Shy BoyI hope one day that Max can tell you his own story.  I hope that he can tell you what these moments I explain are really like, because all I can do is tell you how it feels as a mother and what I think he feels.  Of course I talk to him about the things I write, but with his limited communication, he doesn’t tell me much about life being hard or limited.  I like to reference this situation to a guy I knew back in college that had webbed fingers.  I asked him if he could swim faster; not to be rude, but I was just curious.  He laughed and said, “You have no idea how many times I’ve been asked that, but how would I know if I can swim faster or slower if I’ve always had webbed fingers?”  My reply was simple, “Oh, yeah, that makes sense.”  And that goes hand-in-hand with this post, how would Max know what it’s like to socialize with a voice if he’s never had a voice?

Okay, I’ve seen the debates across the net.  I’m not saying he DOESN’T have a voice; of course he does.  He’s highly intelligent, is able to communicate his wants and needs, and has a personality that would make you melt in his hands, but I’m not talking about that. I’m talking about being able to speak and talk.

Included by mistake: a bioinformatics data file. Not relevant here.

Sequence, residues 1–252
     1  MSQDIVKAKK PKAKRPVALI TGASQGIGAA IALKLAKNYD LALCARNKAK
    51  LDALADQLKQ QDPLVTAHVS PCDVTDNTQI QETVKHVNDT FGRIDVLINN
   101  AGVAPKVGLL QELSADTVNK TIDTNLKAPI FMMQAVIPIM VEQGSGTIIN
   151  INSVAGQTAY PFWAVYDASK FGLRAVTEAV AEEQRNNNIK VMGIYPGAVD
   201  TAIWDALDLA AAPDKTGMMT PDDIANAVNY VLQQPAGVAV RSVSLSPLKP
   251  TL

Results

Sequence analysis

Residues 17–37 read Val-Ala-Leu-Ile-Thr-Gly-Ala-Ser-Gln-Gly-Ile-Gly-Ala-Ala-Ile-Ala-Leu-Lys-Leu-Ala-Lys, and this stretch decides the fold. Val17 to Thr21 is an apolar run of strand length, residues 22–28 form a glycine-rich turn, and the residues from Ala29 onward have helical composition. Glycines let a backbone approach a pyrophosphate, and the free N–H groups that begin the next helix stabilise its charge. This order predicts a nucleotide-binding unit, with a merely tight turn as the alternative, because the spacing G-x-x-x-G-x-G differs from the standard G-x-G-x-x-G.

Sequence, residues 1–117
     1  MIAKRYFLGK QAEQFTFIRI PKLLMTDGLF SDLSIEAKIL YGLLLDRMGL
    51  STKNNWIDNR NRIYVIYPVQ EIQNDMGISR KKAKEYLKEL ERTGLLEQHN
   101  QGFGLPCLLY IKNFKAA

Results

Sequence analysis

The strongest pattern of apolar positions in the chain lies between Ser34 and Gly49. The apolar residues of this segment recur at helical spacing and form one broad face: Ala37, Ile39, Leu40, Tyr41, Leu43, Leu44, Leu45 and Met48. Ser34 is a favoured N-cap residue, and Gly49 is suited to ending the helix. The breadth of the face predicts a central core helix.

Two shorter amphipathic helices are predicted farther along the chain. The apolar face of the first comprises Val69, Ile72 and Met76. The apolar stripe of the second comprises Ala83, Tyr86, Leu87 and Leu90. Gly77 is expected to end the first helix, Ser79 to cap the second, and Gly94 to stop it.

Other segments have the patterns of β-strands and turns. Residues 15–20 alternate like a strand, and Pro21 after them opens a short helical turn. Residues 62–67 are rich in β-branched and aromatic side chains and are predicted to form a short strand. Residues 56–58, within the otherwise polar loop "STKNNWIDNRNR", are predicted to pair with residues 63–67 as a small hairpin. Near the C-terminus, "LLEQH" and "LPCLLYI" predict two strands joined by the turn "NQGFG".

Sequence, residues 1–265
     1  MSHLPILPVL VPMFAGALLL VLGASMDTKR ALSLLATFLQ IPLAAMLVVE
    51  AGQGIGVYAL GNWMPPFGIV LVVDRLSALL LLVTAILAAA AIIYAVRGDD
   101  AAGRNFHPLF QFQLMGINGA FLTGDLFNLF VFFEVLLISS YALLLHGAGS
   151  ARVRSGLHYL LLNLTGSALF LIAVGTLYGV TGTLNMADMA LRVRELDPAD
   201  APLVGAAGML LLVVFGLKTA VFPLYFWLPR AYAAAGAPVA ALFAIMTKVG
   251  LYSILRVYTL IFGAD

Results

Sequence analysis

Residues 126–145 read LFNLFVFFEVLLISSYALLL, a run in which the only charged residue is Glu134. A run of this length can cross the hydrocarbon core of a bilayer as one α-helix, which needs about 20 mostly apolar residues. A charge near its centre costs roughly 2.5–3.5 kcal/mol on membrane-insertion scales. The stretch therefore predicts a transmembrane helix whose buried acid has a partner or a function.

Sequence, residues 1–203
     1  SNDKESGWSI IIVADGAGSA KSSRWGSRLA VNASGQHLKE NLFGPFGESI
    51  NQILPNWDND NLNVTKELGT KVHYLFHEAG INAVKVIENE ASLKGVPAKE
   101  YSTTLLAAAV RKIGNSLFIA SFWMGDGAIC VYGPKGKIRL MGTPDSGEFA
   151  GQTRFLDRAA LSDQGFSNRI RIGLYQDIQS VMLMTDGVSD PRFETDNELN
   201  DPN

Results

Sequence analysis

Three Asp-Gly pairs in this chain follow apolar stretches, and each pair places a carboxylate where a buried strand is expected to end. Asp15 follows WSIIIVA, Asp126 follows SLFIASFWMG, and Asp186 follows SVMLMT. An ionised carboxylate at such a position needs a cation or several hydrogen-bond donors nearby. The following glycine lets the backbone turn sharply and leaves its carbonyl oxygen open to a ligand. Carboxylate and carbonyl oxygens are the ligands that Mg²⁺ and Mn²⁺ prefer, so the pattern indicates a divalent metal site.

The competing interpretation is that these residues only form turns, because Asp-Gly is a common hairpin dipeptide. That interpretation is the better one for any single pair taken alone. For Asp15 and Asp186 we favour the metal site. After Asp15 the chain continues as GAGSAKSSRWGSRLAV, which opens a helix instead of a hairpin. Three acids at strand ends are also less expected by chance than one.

When it comes to hanging out with neighborhood kids, playing group sports and being part of a club, Max usually sits out.  My husband and I try to encourage him to do different sorts of after school activities, but he doesn’t want to, because his idea of a fun night, is hanging with the adults.  It aggravates me at times, because I want him to be a kid, “Max, don’t you want to go out and have fun at the park instead of sitting around the house?”  His reply is usually “no.”  Don’t get me wrong, he has friends, but he would just rather hang with the adults.

But I think I know why, I think it has to do with patience. As Max’s parents, we take the time to listen to him.  We wait patiently (or at least try), to hear what he has to say, let him get his full sentence out and then respond.  Children on the other hand typically talk over him or vocalize for him because they don’t have the patience to wait for him to say what it is he has to say.

I see it a lot actually.  When Max is playing with other children, he typically doesn’t talk, or just says “yes” or “no.”  It doesn’t seem to bother him really, but I think when it comes to actually talking, he also doesn’t have the patience to deal with them.  It’s kind of funny really, because it goes full-circle – he doesn’t have time for them, and they don’t have time for him

This may come back to hurt us in the long run, but it works for now.